The chief of the strangers rendered him answer,
          War-troopers' leader, and word-treasure opened:
          "We are sprung from the lineage of the people of Geatland,
          And Higelac's hearth-friends. To heroes unnumbered
5       My father was known, a noble head-warrior
          Ecgtheow titled; many a winter
          He lived with the people, ere he passed on his journey,
          Old from his dwelling; each of the counsellors
          Widely mid world-folk well remembers him.
10      We, kindly of spirit, the lord of thy people,
          The son of King Healfdene, have come here to visit,
          Folk-troop's defender: be free in thy counsels!
          To the noble one bear we a weighty commission,
          The helm of the Danemen; we shall hide, I ween,
15      Naught of our message. Thou know'st if it happen,
          As we soothly heard say, that some savage despoiler,
          Some hidden pursuer, on nights that are murky
          By deeds very direful 'mid the Danemen exhibits
          Hatred unheard of, horrid destruction
20      And the falling of dead. From feelings least selfish
          I am able to render counsel to Hrothgar,
          How he, wise and worthy, may worst the destroyer,
          If the anguish of sorrow should ever be lessened,
          Comfort come to him, and care-waves grow cooler,
25      Or ever hereafter he agony suffer
          And troublous distress, while towereth upward
          The handsomest of houses high on the summit."
          Bestriding his stallion, the strand-watchman answered,
          The doughty retainer: "The difference surely
30      'Twixt words and works, the warlike shield-bearer
          Who judgeth wisely well shall determine.
          This band, I hear, beareth no malice
          To the prince of the Scyldings. Pass ye then onward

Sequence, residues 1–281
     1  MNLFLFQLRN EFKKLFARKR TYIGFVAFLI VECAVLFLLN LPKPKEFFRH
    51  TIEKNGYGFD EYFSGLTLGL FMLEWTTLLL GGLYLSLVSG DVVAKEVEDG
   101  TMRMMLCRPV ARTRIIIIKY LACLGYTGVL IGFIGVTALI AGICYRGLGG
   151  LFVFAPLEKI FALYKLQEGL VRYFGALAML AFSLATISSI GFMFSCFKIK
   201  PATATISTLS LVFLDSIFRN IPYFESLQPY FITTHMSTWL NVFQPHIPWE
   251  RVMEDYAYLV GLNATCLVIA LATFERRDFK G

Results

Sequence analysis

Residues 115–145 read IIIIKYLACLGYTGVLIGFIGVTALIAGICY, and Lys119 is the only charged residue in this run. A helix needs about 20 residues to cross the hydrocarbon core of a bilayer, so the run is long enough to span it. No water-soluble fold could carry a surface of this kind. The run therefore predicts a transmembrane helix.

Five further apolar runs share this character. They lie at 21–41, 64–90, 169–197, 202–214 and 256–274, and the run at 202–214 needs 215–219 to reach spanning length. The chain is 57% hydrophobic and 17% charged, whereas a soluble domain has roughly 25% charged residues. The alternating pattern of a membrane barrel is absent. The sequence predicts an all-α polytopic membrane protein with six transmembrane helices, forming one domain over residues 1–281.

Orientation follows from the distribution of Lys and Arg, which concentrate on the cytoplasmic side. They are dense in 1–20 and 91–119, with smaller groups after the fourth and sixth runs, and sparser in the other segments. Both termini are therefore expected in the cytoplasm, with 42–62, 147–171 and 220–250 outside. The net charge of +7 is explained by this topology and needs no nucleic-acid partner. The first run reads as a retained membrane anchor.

With weapons and armor. I shall lead you in person;
35      To my war-trusty vassals command I shall issue
          To keep from all injury your excellent vessel,
          Your fresh-tarred craft, 'gainst every opposer
          Close by the sea-shore, till the curved-neckèd bark shall
          Waft back again the well-beloved hero
40      O'er the way of the water to Weder dominions.
          To warrior so great 'twill be granted sure
          In the storm of strife to stand secure."
          Onward they fared then (the vessel lay quiet,
          The broad-bosomed bark was bound by its cable,
45      Firmly at anchor); the boar-signs glistened
          Bright on the visors vivid with gilding,
          Blaze-hardened, brilliant; the boar acted warden.
          The heroes hastened, hurried the liegemen,
          Descended together, till they saw the great palace,
50      The well-fashioned wassail-hall wondrous and gleaming:
          'Mid world-folk and kindreds that was widest reputed
          Of halls under heaven which the hero abode in;
          Its lustre enlightened lands without number.
          Then the battle-brave hero showed them the glittering
55      Court of the bold ones, that they easily thither
          Might fare on their journey; the aforementioned warrior
          Turning his courser, quoth as he left them:
          "'Tis time I were faring; Father Almighty
          Grant you His grace, and give you to journey
60      Safe on your mission! To the sea I will get me
          'Gainst hostile warriors as warden to stand."


  1. Another kenning, to unlock one's “word-treasure” is a very common formulaic phrase in Old English or Anglo-Saxon. It refers to one’s personal vocabulary. Often one unlocks one’s “word-hoard” before delivering a formal, ceremonial speech. In answering the guard's question, the still-unnamed hero of the Geats conforms to such expected conventions to explain his unexpected presence in Hrothgar's territory. In doing so, we not only learn more about the hero's respect for the customs of the land, but we also are able to see how eloquent of a speaker he is.

    — Wesley, Owl Eyes Editor